June 19, 2024

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CD review: Michael Brecker – Naima (Live) 2022: Video, CD cover

Michael Leonard Brecker (March 29, 1949 – January 13, 2007) was an American jazz saxophonist and composer. He was awarded 15 Grammy Awards as both performer and composer. He was awarded an Honorary Doctorate from Berklee College of Music in 2004, and was inducted into the DownBeat Jazz Hall of Fame in 2007.

If you’re a jazz fan, you’re familiar with the music of Michael Brecker. Along with being a highly prolific artist, the tenor saxophonist was that rarity of rarities, a high-profile jazz musician who bounced seamlessly between genres and ended up playing small clubs, stadiums, and everything in between. Brecker led his own ensembles, was a member of well-known jazz and jazz-rock groups, collaborated with a number of famous pop stars, and the list of jazz musicians he played with could fill the rest of this page. If, between 1969 and 2007, you bought jazz records, read Down Beat, and visited jazz clubs, you might think you have an appreciation for how ubiquitous Michael Brecker was. I know, because I followed both jazz and pop music closely during that period—but it wasn’t until I read Bill Milkowski’s new biography, Ode to a Tenor Titan: The Life and Times and Music of Michael Brecker, that I truly began to appreciate what an outsized presence Brecker achieved during those years. (By the way, if the biographer’s name seems familiar, there’s a reason; along with publishing books on Jaco Pastorius, Keith Richards, and others, Bill has been writing for Down Beat and other magazines for decades—and has been a long-term contributor to the music section of TAS.)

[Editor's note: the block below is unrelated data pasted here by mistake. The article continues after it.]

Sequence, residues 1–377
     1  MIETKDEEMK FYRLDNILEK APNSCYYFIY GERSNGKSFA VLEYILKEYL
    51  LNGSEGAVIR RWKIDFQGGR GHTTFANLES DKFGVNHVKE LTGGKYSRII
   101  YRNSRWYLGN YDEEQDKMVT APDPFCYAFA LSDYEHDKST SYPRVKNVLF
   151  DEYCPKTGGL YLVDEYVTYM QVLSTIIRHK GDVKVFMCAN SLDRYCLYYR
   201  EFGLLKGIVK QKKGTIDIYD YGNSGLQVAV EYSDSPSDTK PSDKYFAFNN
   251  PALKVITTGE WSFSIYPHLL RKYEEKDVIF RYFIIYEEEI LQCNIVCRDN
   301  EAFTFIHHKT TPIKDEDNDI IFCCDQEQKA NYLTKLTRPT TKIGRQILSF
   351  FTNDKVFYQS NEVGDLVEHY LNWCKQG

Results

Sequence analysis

Michael Brecker was born on March 29, 1949, and died on January 13, 2007, from complications related to leukemia. Seeing him silenced at the height of his powers—he was only 57 when he passed—was a huge blow to the jazz community. One can only imagine how much music he had left in him. That said, he spent nearly 40 very busy years performing and recording music, and he has the discography to show it. As a result, there are many dots to connect in Ode to a Tenor Titan, and Milkowski does an excellent job of diving into the details while keeping the narrative moving at a fast clip. Quotes from dozens of musicians give you a sense of what made Michael Brecker stand out, and even at an early age. An abundance of natural talent didn’t hurt, but a strong work ethic also contributed. For much of his career, and especially early on, Brecker was a harsh self-critic, but in his case that only made him more determined to improve. It didn’t take long for this overachiever to self-actualize. “When he began playing, I was blown away,” guitarist John McLaughlin said of a 1969 New York loft performance where he first witnessed the saxophonist in action. “I really couldn’t believe a young player could play with such maturity and elegance.” Brecker was only 19 at the time.